Texas has a bad record for wrongful convictions with more than 100 coming to light in recent years. And the revelations keep coming.
This week in Corsicana a 58-year-old Texas man walked free from jail after serving almost 30 years for a crime he didn’t commit.
Back in 1984 Randolph Arledge was sentenced to 99 years in prison for the killing of Carolyn Armstrong. However, a state district judge in Corsicana recently agreed with prosecutors and Arledge’s criminal defense attorneys that he could no longer be considered guilty of the crime after new DNA tests tied someone else to the killing.
The Huffington Post reported Judge James Lagomarsino agreed to release Arledge on bond even though process of overturning his conviction is still pending.
“The Texas Court of Criminal Appeals must accept Lagomarsino’s recommendation for the conviction to be formally overturned, a process that is considered a formality,” reported the Huffington Post.
Arledge said his kids bore the brunt of his wrongful incarceration.
“They suffered more than anybody,” Arledge told reporters after being released. He pointed to his daughter, Randa Machelle Arledge. “She’s always talking about, she wanted me to come pick her up from school. Now she’s picking me up.”
The victim’s body was found in August 1981 on a rural dirt road in Navarro County, Texas according to a court filing by Arledge’s attorneys. She had been stripped naked from the waist down and had been stabbed more than 40 times.
Carolyn Armstrong’s abandoned car, which was found several miles away from the crime scene, contained a number of pieces of evidence, including a hairnet on the driver’s seat. It was later to prove to be an important piece of information. Hair taken from the net was preserved as evidence for 30 years. In 2011, more advanced DNA testing linked samples from the hair net and other items to another suspect.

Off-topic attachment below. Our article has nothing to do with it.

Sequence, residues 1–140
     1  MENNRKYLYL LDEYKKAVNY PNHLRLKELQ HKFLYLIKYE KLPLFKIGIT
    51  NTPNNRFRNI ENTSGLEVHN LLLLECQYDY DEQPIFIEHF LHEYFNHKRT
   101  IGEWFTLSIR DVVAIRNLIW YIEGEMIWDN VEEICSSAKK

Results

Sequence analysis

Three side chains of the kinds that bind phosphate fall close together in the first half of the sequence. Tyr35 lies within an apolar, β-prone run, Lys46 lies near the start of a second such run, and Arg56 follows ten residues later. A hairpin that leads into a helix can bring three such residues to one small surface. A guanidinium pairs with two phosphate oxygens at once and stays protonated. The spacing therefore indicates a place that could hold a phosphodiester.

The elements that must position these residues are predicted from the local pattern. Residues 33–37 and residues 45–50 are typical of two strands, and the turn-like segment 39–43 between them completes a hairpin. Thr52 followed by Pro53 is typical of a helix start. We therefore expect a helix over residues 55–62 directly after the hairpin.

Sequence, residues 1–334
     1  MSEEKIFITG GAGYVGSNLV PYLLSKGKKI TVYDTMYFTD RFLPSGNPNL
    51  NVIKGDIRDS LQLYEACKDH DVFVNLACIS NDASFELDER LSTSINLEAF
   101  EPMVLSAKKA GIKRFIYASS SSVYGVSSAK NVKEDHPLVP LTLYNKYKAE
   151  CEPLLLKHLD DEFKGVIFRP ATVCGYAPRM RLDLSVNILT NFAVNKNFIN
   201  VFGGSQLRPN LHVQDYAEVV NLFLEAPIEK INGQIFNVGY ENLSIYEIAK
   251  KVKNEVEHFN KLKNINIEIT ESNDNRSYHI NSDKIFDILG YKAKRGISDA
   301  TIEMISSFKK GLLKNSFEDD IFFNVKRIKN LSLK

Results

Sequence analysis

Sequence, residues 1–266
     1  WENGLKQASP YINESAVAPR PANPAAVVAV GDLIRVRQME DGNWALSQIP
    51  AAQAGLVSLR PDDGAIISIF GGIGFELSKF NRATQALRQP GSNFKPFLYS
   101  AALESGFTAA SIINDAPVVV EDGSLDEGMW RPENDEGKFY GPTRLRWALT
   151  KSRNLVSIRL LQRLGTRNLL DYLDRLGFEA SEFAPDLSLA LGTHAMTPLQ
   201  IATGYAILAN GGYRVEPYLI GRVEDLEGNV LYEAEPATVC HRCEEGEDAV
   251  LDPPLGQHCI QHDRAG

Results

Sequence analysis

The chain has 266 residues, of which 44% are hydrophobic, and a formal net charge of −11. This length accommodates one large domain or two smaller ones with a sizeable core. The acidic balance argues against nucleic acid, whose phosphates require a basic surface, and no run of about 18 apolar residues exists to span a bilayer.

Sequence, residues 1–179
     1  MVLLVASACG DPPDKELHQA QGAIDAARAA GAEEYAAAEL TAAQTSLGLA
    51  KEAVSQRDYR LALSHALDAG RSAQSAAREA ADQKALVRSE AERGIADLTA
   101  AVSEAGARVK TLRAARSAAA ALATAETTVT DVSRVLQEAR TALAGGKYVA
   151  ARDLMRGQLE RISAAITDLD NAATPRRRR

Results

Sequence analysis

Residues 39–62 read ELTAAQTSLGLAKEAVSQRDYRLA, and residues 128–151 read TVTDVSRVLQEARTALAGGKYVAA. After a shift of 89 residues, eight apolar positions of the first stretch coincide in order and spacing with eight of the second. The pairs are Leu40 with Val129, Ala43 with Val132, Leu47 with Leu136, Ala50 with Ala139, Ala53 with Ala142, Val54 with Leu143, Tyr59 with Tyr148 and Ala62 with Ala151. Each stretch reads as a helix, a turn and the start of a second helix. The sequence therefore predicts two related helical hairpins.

The arrival of DNA testing and advances in the technology have proved to be the most significant factor in revealing wrongful convictions. There have also been cases of prosecutorial misconduct in Texas.
In this case authorities have not revealed the identity of the suspect. Navarro County District Attorney Lowell Thompson was reported as saying authorities are searching for the person matched to the DNA and have a good idea where he is. The case “will stay open until we solve it,” he said recently.
Incorrect eyewitness testimony played a part in Arledge’s conviction. Two co-conspirators in an armed robbery testified that he had admitted stabbing someone in Corsicana and had blood on his clothes as well as a knife. One of those witnesses later said a personal dispute with Arledge led him to lie in court.
Arledge is the 118th person in Texas state courts to have his conviction overturned, according to the University of Michigan’s national registry of exonerations, the Huffington Post reported.